Remember, remember the 5th of November…
… gunpower, treason and plot. Or to those of you not familiar with the story of Guy Fawkes, the Houses of Parliament and King James … Fireworks night is nearly upon us. Whizz bangs, screamers, rockets, fountains, sparklers and explosions. A perfect evening’s entertainment for most (particularly humans) but a terrifying ordeal with no known end and no escape for some (usually canine members of society). I have discussed the issue of noise sensitivity and noise phobias before (ducks in May) but it is the time of year to remind you to take action EARLY for your hounds! Mum was asked recently about drugs for fireworks
phobias. If your canine companion is a noise phobic fella or female you need to be taking action for them before the night before. If severe, your pooch will benefit the most from medication started NOW or ideally, 3 weeks ago (Dr Who could travel back in time, for the rest of us, please bear this is mind for next year …). Medication for anxiety takes up to 6 weeks for full effects to be seen and to be actually happening in the body. These medications cannot be taken the night before or the night of the frights beca
use they will have no effect. Some people like the idea of a sedative… CAUTION … have you seen What Lies Beneath? (The one with Harrison Ford and Michelle Pfeiffer… lakehouse …that scene with the bath…). As in the film, a sedative will make your dog look calm and relaxed on the outside but inside they are suffering and fully aware. This has several effects. One, you think they are doing better than they are and won’t seek proper help. Two, they are suffering but your life is quieter. Three, they are getting worse because now not only are they terrified they can’t move or react appropriately… next time… much worse.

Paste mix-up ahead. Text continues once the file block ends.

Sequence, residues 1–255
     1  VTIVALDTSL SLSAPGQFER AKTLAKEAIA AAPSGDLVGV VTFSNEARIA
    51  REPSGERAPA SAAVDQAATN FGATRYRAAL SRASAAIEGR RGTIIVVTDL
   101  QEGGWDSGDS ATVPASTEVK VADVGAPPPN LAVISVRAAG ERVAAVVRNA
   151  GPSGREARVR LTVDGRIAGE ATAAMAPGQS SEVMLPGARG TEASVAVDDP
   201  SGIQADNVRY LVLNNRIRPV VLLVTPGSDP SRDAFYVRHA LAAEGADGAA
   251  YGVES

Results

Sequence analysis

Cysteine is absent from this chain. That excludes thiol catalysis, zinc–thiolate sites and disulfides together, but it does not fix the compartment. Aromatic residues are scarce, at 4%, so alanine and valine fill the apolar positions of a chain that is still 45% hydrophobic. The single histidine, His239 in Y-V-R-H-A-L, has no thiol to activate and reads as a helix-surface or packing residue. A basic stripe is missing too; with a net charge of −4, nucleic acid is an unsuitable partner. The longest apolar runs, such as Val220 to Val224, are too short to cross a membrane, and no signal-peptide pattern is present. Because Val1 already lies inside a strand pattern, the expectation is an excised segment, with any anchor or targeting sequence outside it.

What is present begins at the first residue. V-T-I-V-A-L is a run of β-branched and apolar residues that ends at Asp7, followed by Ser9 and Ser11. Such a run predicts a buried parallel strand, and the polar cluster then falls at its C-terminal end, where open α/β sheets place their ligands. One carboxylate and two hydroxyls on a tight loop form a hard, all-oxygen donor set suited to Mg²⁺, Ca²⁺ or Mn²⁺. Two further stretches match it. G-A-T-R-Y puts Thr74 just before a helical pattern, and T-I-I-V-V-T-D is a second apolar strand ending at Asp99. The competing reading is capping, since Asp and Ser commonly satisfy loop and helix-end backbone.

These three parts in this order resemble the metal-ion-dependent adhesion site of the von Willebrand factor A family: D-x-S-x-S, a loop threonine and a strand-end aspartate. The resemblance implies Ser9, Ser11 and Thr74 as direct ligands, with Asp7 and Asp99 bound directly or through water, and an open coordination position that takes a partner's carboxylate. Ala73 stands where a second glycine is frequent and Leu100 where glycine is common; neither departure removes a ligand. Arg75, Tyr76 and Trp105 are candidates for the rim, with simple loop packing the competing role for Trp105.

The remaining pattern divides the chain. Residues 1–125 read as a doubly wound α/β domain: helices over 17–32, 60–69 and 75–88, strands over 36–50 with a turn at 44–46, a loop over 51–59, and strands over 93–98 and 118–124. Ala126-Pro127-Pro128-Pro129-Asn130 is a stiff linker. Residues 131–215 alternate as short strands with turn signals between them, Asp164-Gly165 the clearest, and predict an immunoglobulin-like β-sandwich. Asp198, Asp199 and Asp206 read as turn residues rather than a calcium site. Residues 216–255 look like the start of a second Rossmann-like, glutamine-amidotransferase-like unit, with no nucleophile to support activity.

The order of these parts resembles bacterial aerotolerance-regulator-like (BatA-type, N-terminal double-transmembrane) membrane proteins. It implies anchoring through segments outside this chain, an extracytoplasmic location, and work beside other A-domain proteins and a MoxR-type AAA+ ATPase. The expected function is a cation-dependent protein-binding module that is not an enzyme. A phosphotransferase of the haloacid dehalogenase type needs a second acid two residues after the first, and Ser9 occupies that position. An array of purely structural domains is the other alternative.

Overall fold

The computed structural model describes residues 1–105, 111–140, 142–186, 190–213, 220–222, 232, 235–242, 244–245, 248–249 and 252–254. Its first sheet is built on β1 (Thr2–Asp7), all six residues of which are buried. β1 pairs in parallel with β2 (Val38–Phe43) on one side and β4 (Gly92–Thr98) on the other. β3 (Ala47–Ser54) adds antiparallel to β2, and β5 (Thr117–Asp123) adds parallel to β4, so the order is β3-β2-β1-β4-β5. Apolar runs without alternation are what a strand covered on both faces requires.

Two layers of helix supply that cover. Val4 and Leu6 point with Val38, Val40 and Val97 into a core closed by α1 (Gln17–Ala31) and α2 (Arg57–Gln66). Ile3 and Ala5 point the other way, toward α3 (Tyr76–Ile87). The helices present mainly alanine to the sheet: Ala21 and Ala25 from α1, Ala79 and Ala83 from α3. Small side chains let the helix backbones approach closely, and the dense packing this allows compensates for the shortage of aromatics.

The best laid plans… I know I know, planning ahead isn’t everyone’s strong point but don’t worry. There are other medications you can give on an as needed basis so talk to your vet … and if they suggest a sedative… talk to a vet behaviourist person instead. Better drugs to use are those that help to block memories (the problem won’t get worse) while providing some calming effects. Be prepared for your dog to “look” the same though, displaying several of the signs you may want to stop. They are better in their head so don’t worry. Research Adaptil (pheromonatherapy), Thundershirts and massage. Make sure you provide your pooch with a hide away where they choose to go, feel secure, can sleep and rest securely. Don’t walk your dog at night when fireworks may go off. We know from guns and thunder that there are many aspects to a noisy event that can trigger fear (smells, darkness).
Block your dogs view of the fireworks, put Tv’s or radios on, play games and feed high value treats. For mild to moderate cases these little things can be really helpful.
For severe cases, you are better off doing some desensitisation, counter conditioning and medication therapy. Time consuming for one night a year but … welfare and peace of mind are beneficial all year round.
Think about it and get proactive now. Your hound will thank you on the inside and you will feel better about going to that big display… awww pretty and ooooh wow.
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- Remember, remember the 5th of November…
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- Anxiety – important issue for people and their hounds
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- ‘Tis the season to be jolly …